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48 minutes ago, klineka said:

I never said your opinion was wrong. I said my opinion is backed up with facts and evidence that can be applied to a large number of golfers on a large number of golf courses.

Your opinion is based on a much smaller number of golfers and golf courses that likely are not an accurate representation of the majority of golf courses that exist.

My opinion is based on broad facts, while your opinion is based on narrow guesstimates. (Example, the 95% stat you referenced isn't actually a fact unless you know and recorded exactly how many times in every round you played in over the past 2 years that both you and every single playing partner went for it/didnt go for it) (Even then it's a super narrow data point because it is likely only accounting for less than 50 different golf courses)

Again.  Very very narrow scope. Lets say you played 50 rounds per year, and played with 3 new people every round with no repeat playing partners (unlikely). Over 2 years that's only 300 golfers you will have personally witnessed. That is a VERY small number when compared to the tens of thousands (if not hundreds of thousands) of people that play golf in the US alone.

Hell I could probably find at least a couple thousand people if not more who still believe that "drive for show putt for dough" and that "putting is the most important part of your game"  are accurate (clearly they arent, and there is data and books that prove that those arent right)

Just because I can find a bunch of people to believe something doesnt automatically make them right. That's silly.

Like I said before, I encourage you to try to find and share facts that support your opinion that include a majority of golfers on a majority of courses, not "facts" that are based on a couple hundred golfers on a small number of courses.

And pick up a copy of Lowest Score Wins. It goes into much more detail than I am capable of explaining here.

Please describe how you played the each of the par 5s in your latest round of golf.

Example: 510 yards

Drive: _______ yards in the fairway/rough

Approach Shot:  ______ yards with _____ club and it landed ________.

Next shot: ________________

Score on the hole:______

 

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I think this is going off a bit of a tangent. I believe the topic is more about the benefits of reaching a par 5 in two when you are capable of the distance and you are weighing in the factors( pros/cons) of the decision thus; when you factor the pros are you under or overestimating them?

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22 minutes ago, BushwoodCC said:

Please describe how you played the each of the par 5s in your latest round of golf.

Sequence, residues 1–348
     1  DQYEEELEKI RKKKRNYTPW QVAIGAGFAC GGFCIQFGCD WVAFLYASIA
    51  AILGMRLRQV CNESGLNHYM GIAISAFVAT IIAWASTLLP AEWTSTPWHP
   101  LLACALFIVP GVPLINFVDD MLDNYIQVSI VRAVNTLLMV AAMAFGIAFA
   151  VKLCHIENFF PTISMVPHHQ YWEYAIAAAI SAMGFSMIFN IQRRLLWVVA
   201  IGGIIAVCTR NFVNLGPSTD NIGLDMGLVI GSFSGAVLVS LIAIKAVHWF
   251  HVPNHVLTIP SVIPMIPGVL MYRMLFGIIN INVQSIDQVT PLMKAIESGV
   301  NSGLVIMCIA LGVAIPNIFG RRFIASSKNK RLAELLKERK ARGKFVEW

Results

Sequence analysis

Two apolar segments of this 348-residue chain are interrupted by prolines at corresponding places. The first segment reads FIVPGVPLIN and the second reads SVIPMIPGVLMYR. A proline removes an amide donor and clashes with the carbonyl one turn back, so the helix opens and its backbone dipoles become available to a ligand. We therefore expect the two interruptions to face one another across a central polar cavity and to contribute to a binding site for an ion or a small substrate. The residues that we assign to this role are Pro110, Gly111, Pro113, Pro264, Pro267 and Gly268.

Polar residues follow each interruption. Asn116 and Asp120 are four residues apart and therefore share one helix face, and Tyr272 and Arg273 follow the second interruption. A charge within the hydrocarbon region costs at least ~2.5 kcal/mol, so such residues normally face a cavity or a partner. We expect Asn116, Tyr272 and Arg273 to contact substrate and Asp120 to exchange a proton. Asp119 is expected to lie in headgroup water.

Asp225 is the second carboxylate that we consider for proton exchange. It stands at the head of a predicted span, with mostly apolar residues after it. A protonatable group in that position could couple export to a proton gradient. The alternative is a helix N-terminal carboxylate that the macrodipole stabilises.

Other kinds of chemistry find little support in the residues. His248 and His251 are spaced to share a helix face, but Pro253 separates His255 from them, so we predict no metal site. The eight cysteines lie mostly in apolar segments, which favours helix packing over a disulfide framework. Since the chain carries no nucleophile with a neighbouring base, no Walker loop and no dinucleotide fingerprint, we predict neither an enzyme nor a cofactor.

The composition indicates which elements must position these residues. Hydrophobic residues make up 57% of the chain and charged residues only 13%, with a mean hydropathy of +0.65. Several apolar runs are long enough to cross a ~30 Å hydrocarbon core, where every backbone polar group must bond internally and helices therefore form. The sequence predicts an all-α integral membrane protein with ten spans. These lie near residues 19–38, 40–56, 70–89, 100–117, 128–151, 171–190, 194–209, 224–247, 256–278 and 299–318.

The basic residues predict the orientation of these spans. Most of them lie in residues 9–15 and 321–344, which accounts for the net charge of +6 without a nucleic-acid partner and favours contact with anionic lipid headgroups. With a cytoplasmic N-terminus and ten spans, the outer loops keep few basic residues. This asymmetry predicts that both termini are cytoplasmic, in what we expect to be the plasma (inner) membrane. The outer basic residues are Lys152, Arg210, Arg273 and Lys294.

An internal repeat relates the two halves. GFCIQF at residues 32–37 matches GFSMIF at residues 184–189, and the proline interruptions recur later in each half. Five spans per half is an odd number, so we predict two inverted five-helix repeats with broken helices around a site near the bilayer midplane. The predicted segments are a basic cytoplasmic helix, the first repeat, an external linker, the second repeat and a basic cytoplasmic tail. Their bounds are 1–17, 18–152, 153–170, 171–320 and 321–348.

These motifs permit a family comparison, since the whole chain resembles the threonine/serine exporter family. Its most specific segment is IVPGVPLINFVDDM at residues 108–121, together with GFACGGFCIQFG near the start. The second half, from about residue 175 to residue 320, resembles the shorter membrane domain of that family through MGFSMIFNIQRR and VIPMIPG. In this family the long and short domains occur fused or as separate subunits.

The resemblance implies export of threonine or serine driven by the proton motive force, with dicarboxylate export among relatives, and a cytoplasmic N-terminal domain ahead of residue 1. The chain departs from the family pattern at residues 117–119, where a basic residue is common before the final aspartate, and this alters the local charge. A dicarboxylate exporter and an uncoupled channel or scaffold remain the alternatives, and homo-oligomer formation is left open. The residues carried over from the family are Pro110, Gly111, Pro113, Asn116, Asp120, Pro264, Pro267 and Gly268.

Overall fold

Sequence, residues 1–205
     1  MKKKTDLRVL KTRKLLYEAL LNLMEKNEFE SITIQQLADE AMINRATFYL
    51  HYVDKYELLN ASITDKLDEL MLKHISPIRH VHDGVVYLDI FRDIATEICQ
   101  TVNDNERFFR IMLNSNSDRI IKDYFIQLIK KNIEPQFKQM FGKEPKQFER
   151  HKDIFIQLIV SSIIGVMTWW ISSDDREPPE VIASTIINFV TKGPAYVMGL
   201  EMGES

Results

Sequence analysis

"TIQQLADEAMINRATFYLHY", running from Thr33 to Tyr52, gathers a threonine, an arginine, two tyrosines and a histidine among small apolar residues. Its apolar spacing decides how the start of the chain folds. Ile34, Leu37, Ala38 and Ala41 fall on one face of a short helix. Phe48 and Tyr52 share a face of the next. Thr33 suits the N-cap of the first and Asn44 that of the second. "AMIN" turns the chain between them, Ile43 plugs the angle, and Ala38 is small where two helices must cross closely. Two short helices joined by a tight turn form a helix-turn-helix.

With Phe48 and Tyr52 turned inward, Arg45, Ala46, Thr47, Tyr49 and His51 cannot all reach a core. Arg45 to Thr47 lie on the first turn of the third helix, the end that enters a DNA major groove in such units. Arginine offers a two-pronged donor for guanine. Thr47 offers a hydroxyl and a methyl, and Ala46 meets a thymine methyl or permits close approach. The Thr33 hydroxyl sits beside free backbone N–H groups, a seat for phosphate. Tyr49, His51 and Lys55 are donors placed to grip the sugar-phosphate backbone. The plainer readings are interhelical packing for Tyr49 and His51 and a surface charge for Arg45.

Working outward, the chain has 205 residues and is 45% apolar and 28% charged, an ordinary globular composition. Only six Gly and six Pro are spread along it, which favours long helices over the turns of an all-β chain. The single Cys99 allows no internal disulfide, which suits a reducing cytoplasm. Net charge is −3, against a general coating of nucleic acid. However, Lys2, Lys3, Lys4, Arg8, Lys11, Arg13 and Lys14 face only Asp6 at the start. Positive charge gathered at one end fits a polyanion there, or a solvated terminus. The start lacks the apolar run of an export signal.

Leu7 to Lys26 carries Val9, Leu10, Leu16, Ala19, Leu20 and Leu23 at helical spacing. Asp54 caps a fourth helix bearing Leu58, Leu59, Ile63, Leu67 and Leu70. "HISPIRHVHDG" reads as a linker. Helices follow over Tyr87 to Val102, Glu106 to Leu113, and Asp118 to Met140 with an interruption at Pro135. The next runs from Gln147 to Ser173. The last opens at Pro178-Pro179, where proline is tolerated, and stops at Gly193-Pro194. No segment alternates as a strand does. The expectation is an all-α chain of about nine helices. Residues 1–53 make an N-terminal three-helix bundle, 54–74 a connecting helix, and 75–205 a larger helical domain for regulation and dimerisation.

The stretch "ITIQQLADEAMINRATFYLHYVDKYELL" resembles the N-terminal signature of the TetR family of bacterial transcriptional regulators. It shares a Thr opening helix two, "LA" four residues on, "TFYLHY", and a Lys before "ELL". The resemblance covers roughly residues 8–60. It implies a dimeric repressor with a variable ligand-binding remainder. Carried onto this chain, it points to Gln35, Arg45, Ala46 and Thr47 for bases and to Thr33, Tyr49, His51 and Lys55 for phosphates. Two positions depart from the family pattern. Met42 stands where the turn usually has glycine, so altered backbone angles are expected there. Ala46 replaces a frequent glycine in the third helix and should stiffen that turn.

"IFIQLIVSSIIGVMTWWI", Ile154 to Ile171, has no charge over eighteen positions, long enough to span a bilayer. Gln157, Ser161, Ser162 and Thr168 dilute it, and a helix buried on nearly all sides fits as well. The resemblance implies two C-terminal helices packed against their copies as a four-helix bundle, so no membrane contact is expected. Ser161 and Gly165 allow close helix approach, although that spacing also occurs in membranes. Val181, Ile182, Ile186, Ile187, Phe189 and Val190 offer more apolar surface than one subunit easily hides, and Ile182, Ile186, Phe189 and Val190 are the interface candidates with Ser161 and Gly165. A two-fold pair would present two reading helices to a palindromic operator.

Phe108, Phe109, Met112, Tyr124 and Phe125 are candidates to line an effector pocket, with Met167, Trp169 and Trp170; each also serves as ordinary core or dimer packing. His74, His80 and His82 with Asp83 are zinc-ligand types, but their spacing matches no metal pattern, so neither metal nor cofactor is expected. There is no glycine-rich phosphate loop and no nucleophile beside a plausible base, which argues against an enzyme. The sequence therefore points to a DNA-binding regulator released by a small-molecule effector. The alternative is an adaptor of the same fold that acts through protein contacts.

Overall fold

Example: 510 yards

Drive: _______ yards in the fairway/rough

Approach Shot:  ______ yards with _____ club and it landed ________.

Next shot: ________________

Score on the hole:______

 

How I played each of the par 5s in my last round doesnt mean anything by itself. Its too small of a sample size to draw any conclusions from, quite literally the point I have been trying to make to you all day!!!

But if you want to see how I play par 5s, feel free to look at my GameGolf profile by clicking the red icon below my username. 

I dont make perfect decisions, and as you will see especially if you go back over the summer, I did lay up with 6 and 7 irons, but I did so due to a weakness with 3 wood and hybrid, knowing I was costing myself shots by having that glaring weakness, which I've improved upon as you can see in my last 3 rounds where I hit 3 iron or 3 wood for almost all of my 2nd shots.

Like I said though, I'm too small of a sample size to matter for anything.

Edited by klineka

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21 minutes ago, BushwoodCC said:

Please describe how you played the each of the par 5s in your latest round of golf.

Stop, man. What would a ridiculously small sample size illustrate? Nothing.

I go for almost every par five I can (when I'm not in trouble already), or get as close as I can, and I'm averaging 4.73.

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1 minute ago, iacas said:

Stop, man. What would a ridiculously small sample size illustrate? Nothing.

It would demonstrate whether the people espousing a certain strategy  are indeed practicing what they preach. 

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16 minutes ago, BushwoodCC said:

It would demonstrate whether the people espousing a certain strategy  are indeed practicing what they preach. 

You could just check out his GG profile...

it does look like he tries to get the ball as close as he can looking at his last few rounds. Which again is a small sample size, but is in line with what he says he does. 

Edited by HJJ003

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16 minutes ago, HJJ003 said:

You could just check out his GG profile...